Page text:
Soybean Meal Import Grows 12% in Thailand
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Thailand’s Soybean Meal production is the byproduct of cooking oil extraction using mostly imported Soybeans due to limited supplies of domestic Soybean production. Locally produced Soybean Meal is reportedly more premium than imported Soybean Meal due to more excellent freshness with higher quality standards. Feed mills usually pay 1-2 percent higher for local Soybean Meal. However, prices of locally produced Soybean Meal in 2022 and the first two months of 2023 were respectively 7 percent and 5 percent higher than imported Soybean Meal due to the disadvantage of imported Soybean Meal from high freight costs. Post forecasts locally produced Soybean Meal to increase around 5 percent in MY2023/24 due to increased cooking oil production and growing demand for Soybean Meal in livestock feed, especially for broiler and swine production, which is recovering from the ASF outbreak.
MY2022/23 Soybean Meal production is expected to decline to 2.2 million metric tons in Thailand. This is a 6 percent reduction from MY2021/22 due to reduced cooking oil production. In the first five months of MY2022/23, Soybean oil production declined 24 percent from last year. Consumers shifted to relatively cheaper palm oil when palm oil prices fell to normal. MY2021/22 Soybean Meal production increased around 3 percent from MY2020/21. This is well above the slow economic recovery of 1.6 percent in 2021 and 2.6 percent in 2022 due to strong domestic demand for Soybean cooking oil to substitute for palm oil, while palm oil prices were under upward pressure in MY2021/22 due to global tight supplies caused by Russia’s invasion of Ukraine.
Soybean Meal is mainly used for livestock feed, with a small portion used for Soybean sauce and curd production. Post forecasts MY2023/24 Soybean Meal consumption to increase 4 percent from MY2022/23 in line with continued growing poultry production and anticipated full recovery in swine production from the ASF outbreak. This is driven by strong domestic demand for chicken and pork meat following the growing local economy from the recovery in the hotel and service sector, as foreign tourists are likely to increase to normal levels prior to the COVID-19 outbreak.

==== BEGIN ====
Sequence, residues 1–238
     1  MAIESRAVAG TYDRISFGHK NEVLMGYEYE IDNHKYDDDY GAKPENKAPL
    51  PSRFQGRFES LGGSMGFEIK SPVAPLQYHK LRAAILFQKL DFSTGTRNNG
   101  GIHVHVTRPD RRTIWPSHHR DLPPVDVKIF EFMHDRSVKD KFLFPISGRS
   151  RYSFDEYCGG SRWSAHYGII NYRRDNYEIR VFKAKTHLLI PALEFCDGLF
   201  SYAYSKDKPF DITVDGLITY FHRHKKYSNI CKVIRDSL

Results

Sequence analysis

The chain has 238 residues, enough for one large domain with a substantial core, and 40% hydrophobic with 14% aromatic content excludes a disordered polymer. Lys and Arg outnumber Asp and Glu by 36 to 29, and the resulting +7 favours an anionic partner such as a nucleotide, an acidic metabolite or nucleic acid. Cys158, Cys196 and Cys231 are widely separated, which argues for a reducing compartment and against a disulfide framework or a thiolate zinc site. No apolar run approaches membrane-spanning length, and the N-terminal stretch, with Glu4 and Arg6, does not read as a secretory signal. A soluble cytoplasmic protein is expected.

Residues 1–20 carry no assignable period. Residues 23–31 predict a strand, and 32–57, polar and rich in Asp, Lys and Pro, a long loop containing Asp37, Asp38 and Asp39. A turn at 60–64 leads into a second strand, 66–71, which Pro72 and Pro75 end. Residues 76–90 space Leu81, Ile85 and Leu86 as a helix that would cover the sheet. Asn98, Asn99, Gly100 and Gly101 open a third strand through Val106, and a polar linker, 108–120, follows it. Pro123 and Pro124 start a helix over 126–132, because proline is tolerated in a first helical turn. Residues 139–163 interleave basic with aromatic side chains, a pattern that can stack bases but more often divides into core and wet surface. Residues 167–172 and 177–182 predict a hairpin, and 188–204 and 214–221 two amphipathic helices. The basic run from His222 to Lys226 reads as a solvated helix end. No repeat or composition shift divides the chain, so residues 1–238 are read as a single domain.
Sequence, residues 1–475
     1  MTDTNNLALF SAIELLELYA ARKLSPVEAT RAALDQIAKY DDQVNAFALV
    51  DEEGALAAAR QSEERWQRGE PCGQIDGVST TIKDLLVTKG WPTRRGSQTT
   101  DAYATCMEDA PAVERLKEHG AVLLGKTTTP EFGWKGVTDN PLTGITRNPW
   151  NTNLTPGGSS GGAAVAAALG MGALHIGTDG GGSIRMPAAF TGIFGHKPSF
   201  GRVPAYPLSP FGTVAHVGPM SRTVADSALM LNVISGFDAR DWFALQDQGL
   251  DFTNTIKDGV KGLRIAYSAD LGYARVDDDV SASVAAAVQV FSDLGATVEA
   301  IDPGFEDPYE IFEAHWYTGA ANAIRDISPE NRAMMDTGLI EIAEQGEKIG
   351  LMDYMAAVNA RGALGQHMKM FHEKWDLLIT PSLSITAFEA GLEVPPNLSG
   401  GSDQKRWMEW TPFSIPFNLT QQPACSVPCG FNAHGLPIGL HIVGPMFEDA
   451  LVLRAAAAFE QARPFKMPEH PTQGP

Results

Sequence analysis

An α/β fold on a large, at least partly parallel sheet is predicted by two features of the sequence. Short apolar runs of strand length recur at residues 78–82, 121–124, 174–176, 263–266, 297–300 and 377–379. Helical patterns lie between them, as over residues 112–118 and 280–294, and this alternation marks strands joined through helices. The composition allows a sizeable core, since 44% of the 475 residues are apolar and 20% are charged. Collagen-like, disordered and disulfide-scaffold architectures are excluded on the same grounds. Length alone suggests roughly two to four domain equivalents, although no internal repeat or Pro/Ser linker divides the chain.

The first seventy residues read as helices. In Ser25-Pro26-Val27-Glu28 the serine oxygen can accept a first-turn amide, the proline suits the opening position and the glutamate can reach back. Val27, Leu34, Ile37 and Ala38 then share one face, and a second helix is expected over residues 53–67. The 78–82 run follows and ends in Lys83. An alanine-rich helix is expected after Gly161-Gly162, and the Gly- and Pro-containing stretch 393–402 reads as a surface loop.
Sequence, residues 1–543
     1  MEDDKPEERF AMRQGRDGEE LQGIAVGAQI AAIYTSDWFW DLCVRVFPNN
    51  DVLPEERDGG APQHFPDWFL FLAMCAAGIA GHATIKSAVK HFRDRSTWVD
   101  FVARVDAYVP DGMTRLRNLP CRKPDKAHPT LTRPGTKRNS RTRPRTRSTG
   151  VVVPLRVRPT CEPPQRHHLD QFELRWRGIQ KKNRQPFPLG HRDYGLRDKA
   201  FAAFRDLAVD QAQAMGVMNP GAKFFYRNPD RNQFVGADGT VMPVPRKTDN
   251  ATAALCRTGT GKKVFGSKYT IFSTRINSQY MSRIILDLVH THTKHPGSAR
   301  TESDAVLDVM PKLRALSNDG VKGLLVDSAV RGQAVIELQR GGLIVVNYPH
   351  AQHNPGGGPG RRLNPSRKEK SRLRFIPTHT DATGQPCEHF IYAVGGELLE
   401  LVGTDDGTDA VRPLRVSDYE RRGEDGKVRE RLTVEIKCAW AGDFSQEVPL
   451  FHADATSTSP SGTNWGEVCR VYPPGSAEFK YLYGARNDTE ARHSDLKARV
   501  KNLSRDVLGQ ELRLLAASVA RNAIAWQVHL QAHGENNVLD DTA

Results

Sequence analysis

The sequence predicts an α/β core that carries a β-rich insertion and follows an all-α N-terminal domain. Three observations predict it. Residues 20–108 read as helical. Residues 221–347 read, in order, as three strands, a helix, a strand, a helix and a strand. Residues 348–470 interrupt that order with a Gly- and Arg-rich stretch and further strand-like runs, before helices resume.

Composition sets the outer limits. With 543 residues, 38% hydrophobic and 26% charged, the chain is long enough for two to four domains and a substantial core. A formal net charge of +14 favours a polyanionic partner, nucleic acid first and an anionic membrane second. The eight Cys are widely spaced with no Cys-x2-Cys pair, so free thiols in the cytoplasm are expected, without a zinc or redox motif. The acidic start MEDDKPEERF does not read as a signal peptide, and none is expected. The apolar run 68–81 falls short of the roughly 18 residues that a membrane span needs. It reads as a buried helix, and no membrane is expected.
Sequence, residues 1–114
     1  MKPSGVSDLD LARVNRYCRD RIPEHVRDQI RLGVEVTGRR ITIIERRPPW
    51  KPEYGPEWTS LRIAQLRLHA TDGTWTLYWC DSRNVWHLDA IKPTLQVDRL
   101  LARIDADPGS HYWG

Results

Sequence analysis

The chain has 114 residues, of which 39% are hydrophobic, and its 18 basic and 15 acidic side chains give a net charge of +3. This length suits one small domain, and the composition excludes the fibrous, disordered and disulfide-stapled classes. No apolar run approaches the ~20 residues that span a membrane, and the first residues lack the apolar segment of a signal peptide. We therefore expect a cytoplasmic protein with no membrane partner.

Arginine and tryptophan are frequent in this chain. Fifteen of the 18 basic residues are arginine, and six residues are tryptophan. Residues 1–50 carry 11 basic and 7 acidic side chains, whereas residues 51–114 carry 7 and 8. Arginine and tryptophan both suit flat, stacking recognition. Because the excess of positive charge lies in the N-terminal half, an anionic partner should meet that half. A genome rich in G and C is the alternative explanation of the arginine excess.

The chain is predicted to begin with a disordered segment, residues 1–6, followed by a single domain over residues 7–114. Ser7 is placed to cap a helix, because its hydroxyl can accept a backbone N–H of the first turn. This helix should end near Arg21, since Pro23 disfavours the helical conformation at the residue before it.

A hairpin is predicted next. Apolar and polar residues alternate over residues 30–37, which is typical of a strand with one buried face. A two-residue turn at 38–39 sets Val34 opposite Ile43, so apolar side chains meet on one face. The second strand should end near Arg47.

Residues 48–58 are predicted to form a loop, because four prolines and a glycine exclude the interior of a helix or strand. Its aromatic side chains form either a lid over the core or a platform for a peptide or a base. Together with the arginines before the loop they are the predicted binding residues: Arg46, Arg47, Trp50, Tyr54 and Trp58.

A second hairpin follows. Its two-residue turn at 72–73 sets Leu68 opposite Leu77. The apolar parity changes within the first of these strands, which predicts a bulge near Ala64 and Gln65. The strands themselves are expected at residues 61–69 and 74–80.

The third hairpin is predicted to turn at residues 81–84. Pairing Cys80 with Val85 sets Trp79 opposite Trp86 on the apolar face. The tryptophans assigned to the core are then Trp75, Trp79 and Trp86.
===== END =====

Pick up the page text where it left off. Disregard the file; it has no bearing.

MY2022/23 Soybean Meal consumption is expected to decline 4 percent from the unusually high levels in MY2021/22 despite growing poultry and anticipated recovery in swine production. Poultry and swine farmers will likely use full-fat Soybeans in their feed rations as average import prices of full-fat Soybean leveled off in the first half of MY2022/23 after a surge of 25 percent in MY2021/22. The Thai Feed Mill Association expected total feed demand to increase by 5 percent in 2023, mainly driven by increased swine feed demand in 2023 by 15 percent from the ASF-triggered reduction in swine feed demand by 20 percent in 2022.
Soybean Meal Import in Thailand
Imported Soybean Meal is mainly used for feed in Thailand. Post forecast MY2023/24 Soybean Meal imports to rebound to 2.7 million metric tons. This is a 12 percent increase from a 22 percent reduction in MY2022/23, in line with continued growing poultry production and anticipated recovery in swine production. Also, Soybean crushers are expected to have average carry-over stocks of Soybean Meal following regular market demand for Soybean and Palm oil.
According to AgFlow data, Thailand imported 320,000 tons of Soybean from Brazil in June 2023, followed by the US (8,106 tons). Thailand’s MY2022/23 Soybean Meal imports are expected to decline to 2.4 million metric tons, down 22 percent from MY2021/22. Soybean Meal import demand in the first five months of MY2022/23 fell around 10 percent from last year due to available supplies of locally produced Soybean Meals. Soybean crushers had large carry-over stocks of Soybean Meals in MY2021/22, which increased 20 percent from the previous year, following strong demand for Soybean oil. Increased domestic production of cooking oil created larger supplies of domestically produced Soybean Meal.
Other sources: USDA
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